Photo/Illutration Adrian Francis, the director of the documentary film "Paper City," in Tokyo on Jan. 30 (Asahi Shimbun file photo)

A white-haired man stares at the photograph of a young boy sitting in a daze, covered with darkened blood and gray ash.

The man mumbles: “I was like him. The coat I was wearing was in tatters from the fire.”

The above is a scene from “Paper City,” a documentary film showing in theaters in Japan with the Japanese secondary title of “Tokyo Dai-kushu no Kioku” (Memories of the Tokyo firebombing).

On March 10, 1945, a U.S. air attack on Tokyo incinerated about a quarter of the city and killed an estimated 100,000 people overnight. The film features testimonies of survivors whose words are quiet but filled with gravity.

Adrian Francis, a 48-year-old Australian, directed the film.

World War II was called a “good war” in Australia, the United States and other Allied nations. Francis did not believe it to be so simple, however.

He said wanted to hear what people who were in Tokyo at the time had to say.

The survivors expressed their anger at the U.S. military, but also bitterly complained about being “abandoned” by their own country.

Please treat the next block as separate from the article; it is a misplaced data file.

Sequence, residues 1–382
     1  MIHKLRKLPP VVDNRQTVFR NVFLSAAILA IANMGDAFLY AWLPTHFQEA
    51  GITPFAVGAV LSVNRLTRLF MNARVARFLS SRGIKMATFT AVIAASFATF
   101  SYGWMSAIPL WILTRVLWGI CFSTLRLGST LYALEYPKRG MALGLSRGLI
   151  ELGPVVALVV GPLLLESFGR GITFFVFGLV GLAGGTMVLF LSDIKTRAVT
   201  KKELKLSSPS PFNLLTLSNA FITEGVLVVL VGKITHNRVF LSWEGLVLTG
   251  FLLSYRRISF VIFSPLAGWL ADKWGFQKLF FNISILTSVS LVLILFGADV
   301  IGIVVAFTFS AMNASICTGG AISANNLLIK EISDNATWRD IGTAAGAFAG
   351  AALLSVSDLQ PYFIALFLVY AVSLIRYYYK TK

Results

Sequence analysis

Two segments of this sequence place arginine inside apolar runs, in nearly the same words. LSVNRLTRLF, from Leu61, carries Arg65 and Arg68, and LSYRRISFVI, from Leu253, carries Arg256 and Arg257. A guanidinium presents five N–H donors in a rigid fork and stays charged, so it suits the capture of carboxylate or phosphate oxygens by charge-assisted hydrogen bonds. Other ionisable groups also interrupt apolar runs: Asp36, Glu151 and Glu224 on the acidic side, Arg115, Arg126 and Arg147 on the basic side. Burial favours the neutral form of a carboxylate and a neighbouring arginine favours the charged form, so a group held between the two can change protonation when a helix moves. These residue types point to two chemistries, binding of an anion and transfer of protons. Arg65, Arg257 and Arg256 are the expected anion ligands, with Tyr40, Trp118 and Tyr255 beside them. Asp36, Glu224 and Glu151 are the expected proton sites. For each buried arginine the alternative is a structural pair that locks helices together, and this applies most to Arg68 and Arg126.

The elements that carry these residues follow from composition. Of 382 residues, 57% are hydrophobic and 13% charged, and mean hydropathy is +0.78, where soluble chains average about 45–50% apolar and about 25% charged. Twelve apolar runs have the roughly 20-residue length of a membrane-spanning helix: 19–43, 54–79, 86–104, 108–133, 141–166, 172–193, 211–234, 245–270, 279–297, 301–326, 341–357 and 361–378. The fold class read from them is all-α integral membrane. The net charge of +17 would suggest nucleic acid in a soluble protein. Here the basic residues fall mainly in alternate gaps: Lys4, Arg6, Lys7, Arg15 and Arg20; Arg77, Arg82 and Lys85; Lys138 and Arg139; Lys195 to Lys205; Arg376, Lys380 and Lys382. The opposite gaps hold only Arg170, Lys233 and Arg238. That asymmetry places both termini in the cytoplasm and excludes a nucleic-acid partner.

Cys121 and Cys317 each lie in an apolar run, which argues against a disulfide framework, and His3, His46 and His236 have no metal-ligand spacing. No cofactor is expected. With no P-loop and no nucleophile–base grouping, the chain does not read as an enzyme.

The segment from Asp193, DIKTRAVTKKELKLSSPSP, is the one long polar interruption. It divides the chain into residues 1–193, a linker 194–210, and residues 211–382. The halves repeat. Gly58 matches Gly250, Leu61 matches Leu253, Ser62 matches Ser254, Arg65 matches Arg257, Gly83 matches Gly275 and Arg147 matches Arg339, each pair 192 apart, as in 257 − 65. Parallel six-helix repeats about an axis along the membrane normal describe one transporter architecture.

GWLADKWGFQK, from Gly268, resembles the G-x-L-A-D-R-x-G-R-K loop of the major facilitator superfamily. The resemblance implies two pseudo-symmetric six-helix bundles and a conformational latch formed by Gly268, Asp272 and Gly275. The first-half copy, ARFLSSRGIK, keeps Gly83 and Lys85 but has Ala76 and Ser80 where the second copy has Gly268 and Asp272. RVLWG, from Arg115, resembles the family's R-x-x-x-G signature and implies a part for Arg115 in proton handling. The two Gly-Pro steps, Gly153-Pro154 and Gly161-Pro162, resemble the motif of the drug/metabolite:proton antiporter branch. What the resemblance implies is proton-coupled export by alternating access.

The Japanese government paid reparations to soldiers but did not even bother to ascertain the names and the number of civilian victims, nor has it ever erected a monument at which to mourn the dead.

Francis noted that it was as if both Japan and the United States wanted the problem to be quickly forgotten, and quoted Milan Kundera, a Czech writer who went into exile in France in 1975: “The struggle of man against power is the struggle of memory against forgetting.”

The white-haired man mentioned above was Hiroshi Hoshino, who died shortly after being interviewed. He was 87. The boy in the picture was a Syrian who was injured in an air attack during the country's civil war.

The absurdity of war does not stop. It only moves from one place to another. I remind myself anew of that reality.

--The Asahi Shimbun, Feb. 28

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Vox Populi, Vox Dei is a popular daily column that takes up a wide range of topics, including culture, arts and social trends and developments. Written by veteran Asahi Shimbun writers, the column provides useful perspectives on and insights into contemporary Japan and its culture.